Curator‘s Comments

This was one of the last drypoints Whistler made before temporarily abandoning intaglio printmaking for a period of seven years. One reason Whistler decided to stop etching was his increasing jealousy over the success of his brother-in-law, Francis Seymour Haden, a physician and amateur etcher whose work began to garner praise during the early 1860s.

This work also falls in a crucial time in Whistler’s development as an artist, when he discarded his earlier style of realism and began to focus on the principles of aestheticism. During this period, Whistler increasingly experimented with color in his paintings. Weary, a portrait of the artist’s mistress, Jo, was partially inspired by the drawings and writings of Whistler’s new cohort, Dante Gabriel Rossetti, the poet, painter, and member of the avant-garde circle, the Pre-Raphaelite Brotherhood.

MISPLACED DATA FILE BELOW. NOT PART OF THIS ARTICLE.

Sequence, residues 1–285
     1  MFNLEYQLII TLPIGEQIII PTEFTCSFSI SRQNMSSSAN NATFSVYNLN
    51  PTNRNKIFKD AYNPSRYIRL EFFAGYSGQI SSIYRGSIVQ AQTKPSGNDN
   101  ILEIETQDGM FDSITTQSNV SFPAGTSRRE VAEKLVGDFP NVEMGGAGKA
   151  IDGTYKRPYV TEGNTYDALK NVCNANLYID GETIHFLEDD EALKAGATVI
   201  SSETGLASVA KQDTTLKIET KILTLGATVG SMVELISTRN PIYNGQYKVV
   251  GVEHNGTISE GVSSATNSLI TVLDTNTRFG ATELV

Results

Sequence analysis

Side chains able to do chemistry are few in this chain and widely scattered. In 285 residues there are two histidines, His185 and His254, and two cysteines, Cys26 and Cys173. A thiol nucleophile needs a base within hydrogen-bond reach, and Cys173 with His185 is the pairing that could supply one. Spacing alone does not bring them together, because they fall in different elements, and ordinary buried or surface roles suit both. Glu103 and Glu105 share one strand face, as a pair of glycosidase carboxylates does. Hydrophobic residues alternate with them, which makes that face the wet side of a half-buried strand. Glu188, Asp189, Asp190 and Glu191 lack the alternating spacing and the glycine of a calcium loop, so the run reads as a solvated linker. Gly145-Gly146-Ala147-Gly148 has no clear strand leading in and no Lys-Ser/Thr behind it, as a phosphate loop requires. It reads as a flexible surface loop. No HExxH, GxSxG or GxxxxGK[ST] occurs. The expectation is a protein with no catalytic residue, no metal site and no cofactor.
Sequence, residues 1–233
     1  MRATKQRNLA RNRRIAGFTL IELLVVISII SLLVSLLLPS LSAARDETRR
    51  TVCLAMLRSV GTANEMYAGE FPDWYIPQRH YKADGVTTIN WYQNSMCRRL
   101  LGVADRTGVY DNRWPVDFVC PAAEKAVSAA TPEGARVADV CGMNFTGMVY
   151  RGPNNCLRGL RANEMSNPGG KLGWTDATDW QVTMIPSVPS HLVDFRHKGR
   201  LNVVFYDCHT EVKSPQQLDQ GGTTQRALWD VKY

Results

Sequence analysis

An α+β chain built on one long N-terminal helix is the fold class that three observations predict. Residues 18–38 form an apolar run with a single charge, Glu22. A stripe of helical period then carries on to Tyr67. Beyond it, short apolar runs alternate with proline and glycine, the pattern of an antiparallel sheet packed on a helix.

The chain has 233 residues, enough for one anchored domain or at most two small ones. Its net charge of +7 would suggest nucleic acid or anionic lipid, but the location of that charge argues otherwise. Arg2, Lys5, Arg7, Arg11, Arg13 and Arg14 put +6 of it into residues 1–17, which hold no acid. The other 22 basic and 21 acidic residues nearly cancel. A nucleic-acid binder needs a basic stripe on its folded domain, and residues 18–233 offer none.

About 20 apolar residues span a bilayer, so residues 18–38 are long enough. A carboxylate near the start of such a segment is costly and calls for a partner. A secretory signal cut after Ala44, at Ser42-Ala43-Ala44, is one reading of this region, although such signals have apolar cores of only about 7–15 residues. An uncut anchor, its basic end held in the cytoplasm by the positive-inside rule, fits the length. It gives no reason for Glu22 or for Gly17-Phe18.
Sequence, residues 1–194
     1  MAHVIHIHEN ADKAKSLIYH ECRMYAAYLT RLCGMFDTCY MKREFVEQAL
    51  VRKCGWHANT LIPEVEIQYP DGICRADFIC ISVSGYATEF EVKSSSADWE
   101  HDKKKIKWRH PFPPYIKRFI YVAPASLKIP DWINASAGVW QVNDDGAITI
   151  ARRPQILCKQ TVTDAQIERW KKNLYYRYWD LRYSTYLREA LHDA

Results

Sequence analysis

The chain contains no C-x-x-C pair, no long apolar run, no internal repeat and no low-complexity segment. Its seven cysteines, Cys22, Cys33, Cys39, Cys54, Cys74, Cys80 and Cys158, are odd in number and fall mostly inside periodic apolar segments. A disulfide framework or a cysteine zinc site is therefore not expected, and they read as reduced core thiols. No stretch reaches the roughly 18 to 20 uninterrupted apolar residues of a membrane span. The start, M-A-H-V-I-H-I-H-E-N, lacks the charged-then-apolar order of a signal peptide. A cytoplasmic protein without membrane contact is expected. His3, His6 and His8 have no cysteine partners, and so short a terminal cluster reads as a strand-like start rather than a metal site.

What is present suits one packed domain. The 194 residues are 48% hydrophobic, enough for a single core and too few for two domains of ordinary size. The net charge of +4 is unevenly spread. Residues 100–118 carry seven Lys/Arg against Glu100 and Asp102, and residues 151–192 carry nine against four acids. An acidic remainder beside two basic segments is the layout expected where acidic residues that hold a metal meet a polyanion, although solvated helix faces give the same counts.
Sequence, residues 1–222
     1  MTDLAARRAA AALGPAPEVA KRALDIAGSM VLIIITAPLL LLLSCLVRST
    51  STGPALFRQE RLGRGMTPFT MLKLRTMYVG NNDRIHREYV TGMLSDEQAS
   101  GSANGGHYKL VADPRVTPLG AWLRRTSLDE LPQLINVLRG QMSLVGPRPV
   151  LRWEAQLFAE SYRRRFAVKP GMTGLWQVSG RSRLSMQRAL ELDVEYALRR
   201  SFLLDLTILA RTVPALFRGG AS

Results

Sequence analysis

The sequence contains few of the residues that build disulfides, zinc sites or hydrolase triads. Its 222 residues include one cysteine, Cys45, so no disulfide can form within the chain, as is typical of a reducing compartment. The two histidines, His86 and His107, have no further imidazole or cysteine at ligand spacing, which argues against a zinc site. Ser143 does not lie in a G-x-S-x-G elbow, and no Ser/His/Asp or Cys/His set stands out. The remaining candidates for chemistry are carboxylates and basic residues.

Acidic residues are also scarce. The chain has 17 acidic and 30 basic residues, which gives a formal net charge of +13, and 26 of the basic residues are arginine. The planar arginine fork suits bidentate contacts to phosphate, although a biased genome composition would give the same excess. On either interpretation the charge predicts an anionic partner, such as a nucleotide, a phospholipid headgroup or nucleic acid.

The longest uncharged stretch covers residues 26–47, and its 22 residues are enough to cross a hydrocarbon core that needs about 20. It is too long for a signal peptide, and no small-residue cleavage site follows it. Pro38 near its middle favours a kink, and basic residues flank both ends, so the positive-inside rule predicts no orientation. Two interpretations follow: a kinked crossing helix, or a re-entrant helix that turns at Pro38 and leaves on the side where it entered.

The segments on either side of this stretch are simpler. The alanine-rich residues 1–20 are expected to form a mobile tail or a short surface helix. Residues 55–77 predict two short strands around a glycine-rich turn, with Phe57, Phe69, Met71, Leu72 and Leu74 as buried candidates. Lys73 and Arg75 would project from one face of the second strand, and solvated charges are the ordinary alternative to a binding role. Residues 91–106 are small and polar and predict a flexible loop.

James Abbott McNeill Whistler. American, 1834–1903

Weary, 1863

Drypoint on lightweight Asian paper


ID Number: SC 1969:4